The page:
Although many South and Central American markets pose challenges for global employers, such as limited skills availability, low productivity and more complex regulations, Chile has experience significant improvement due to a substantial labor reform in recent years.

In the wake of natural disasters like hurricanes many markets experience changes to the labor force, Puerto Rico is unfortunately no exception. A result of a fundamental shift in workforce dynamics, due to a multitude of both general and technical infrastructure in need of rebuilding, global employers are shifting resources into other markets. This rebalances the existing workforce skills, making skills available that are aligned with the workforce space.

Mexico remains an attractive global market for investment due to proximity to North American markets such as the United States which allows for logistical benefits as well as cost savings on skills. However, a higher than the regional average employment tax figure may be cause for closer evaluation of the market especially in certain sectors that could be subject to additional taxation or import tariffs.

Comparison of the Top Five Markets in Americas

Size of the bubble reflects the Relative Availability of each market, while the color reflects Relative Regulation

  • Minimal Regulatory Impact
  • Moderate Regulatory Impact
  • Restrictive Regulatory Impact

Total Workforce

The Total Workforce is a combination of all of the workers engaged in either Contingent or Permanent work within each country.

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Contingent Workforce

The Contingent Workforce is comprised of all non-permanent staff including but not limited to informal, contract, part-time or temporary labor.

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Permanent Workforce

The Permanent Workforce is comprised of all of the workers considered to be full-time or staff employees.

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Average wage, though a great tool comparison, is predominantly driven by the ratio of highly skilled jobs to lower skilled jobs. Markets with a higher volume of highly skilled jobs will average higher wages than markets with a high volume of low skilled jobs. Therefore, not all markets with lowest wage are the lowest for rates for a given skill.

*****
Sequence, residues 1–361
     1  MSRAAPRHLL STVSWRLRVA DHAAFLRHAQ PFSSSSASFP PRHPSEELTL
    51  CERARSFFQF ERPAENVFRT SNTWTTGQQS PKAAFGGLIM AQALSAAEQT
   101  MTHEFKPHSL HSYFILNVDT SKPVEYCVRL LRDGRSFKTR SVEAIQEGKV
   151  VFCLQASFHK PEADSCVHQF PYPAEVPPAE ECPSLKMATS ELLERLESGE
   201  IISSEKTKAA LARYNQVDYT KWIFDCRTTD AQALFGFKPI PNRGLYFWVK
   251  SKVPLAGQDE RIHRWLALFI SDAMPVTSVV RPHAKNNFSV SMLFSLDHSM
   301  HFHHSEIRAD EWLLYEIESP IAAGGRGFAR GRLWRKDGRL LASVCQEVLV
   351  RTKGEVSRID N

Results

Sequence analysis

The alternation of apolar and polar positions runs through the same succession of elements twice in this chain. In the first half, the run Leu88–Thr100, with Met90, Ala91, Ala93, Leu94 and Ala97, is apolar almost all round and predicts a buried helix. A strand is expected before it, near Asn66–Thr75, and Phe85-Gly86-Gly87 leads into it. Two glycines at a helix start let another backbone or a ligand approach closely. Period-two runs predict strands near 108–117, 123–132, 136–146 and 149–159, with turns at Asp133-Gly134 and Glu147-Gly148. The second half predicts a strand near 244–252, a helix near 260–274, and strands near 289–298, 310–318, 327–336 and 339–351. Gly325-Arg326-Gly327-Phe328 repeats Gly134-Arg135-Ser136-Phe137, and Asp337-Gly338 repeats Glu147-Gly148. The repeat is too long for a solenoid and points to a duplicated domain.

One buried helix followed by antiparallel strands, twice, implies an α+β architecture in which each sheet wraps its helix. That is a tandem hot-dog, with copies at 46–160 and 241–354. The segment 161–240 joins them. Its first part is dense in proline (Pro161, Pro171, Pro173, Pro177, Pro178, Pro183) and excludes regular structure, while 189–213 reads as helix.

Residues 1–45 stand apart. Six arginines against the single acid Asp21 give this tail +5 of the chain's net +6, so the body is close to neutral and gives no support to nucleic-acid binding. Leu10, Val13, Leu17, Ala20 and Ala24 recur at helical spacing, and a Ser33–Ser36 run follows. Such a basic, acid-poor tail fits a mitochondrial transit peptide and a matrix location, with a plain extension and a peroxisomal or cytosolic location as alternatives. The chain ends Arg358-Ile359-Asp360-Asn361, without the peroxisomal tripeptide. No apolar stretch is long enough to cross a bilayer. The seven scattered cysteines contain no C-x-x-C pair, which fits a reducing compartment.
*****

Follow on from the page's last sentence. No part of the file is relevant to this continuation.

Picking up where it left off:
Manufacturing wages are a leading indicator of rising costs as they typically rise before the wages of professional skills. Manufacturing wages are particularly sensitive to inflation and statutory burdens. Therefore, though the cost of manufacturing skills may be much lower than more highly skilled jobs, they are generally the first to reflect the rising cost of wages in a particular market. Due to increased digitization and automation some markets are showing higher wage increases than others. In particular, those driven by other industry production such as automotive and pharmaceutical. With reference to the automotive industry in the Americas region, the United States, Mexico and Brazil display these higher manufacturing wages. With regard to the pharmaceuticals industry, the United States is impacted by these higher manufacturing wages driven in part by the higher concentration of pharmaceutical manufacturers in higher cost metropolitan areas. Puerto Rico has experienced rising wages in Manufacturing driven by the direct impact of increased pharmaceutical production following last year hurricanes.

Employment tax is a basic statutory burden that employers need to add to wages when calculating the cost of skills in a workforce market. It is typically the first metric of consideration beyond the wages themselves. Wages largest component of total labor cost. However, taxes are the best indicator for total cost. They are also more representative of the labor cost per market than insurance as insurance appears more standardized, while taxes are unique to each market.

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